Rival lobbying firm Bell Pottinger employs paid-up Blairites such as the former prime minister’s assistant political secretary Razi Rahman and his ex-special adviser Darren Murphy. Bell Pottinger also has former News of The World political editor Jamie Lyons.

Are Rahman and Murphy also telling docile Labour MPs what to do?  Is Lyon busy ensuring that his old mates in the lobby are paying attention to the Labour story, just in case they get sidetracked or don’t fancy writing about the official opposition imploding around them?

And what about Lodestone Communications, whose boss is a close pal of Tom Watson? Or Lexington Communications, which is run by a former aide of John Prescott? Or Insight Consulting Group, which is run by the man who managed Andy Burnham’s recent leadership campaign?

Having tracked down the assorted Blairites at Portland, Topple asserts: “It surely can be no coincidence that so many of the employees of this company are affiliated to both Labour and the Fabians.”

Indeed it is no coincidence – but not in the way that the author suggests. Since the mid-1990s, Labour lobbyists have tended to come from the pragmatic, Blairite ranks of the party. This is largely because Labour spent the 1980s ignoring business, and that only changed significantly when Blair arrived on the scene.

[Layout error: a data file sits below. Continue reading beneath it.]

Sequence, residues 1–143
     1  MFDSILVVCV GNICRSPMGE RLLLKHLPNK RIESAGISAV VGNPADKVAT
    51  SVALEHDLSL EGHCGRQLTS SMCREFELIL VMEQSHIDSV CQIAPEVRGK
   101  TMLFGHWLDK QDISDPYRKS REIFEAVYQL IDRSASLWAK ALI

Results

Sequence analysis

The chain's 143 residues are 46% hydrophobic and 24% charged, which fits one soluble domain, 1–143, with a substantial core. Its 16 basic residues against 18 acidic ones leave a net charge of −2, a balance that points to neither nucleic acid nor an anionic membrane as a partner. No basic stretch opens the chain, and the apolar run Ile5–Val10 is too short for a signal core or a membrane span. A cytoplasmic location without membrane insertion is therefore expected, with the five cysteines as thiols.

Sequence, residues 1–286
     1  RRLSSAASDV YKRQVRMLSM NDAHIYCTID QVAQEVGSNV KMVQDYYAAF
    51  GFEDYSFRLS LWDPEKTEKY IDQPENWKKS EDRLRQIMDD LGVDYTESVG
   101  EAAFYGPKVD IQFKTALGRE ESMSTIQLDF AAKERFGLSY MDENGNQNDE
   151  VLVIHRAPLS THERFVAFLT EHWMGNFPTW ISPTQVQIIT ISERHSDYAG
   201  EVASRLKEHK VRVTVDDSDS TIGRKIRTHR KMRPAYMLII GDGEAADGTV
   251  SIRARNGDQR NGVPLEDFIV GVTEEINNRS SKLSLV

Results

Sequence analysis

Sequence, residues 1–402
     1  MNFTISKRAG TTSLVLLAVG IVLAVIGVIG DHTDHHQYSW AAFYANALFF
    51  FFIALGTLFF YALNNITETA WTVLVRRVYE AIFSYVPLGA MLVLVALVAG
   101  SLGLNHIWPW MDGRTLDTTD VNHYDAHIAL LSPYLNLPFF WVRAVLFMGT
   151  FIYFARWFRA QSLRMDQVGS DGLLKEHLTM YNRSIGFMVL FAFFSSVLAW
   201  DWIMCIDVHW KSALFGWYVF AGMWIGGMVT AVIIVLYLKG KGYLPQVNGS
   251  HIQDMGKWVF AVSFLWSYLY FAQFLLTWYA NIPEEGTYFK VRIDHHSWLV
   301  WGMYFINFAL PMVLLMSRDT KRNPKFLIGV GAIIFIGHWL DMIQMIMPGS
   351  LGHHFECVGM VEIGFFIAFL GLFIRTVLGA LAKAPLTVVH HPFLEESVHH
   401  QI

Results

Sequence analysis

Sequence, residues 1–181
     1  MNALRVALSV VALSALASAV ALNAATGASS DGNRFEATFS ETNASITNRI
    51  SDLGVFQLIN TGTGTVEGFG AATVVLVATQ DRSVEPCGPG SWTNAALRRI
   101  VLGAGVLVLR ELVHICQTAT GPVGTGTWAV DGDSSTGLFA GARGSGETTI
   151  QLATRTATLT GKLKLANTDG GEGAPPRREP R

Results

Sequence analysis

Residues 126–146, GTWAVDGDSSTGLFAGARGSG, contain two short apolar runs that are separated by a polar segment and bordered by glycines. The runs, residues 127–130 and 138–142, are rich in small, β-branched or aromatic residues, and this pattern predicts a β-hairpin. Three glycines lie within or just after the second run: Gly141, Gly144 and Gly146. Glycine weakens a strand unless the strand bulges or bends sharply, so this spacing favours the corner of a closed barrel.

Whisper it quietly, but Portland also employ a few Tories. Why don’t they get a mention? Presumably they are also busy focusing on how to destroy Boris Johnson or to ensure that Stephen Crabb never gets anywhere near Downing Street.

What is certainly true is that Corbynites are incredibly hard to find in public affairs. As one experienced Labour lobbyist at another firm has told me: “I know of nobody in the industry  or indeed the real world – who is a Corbynite. All of my Labour-supporting colleagues would be horrified by the accusation!”

David Singleton is editor of Public Affairs News. He tweets @singersz.

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Charlottesville: a town haunted by the far right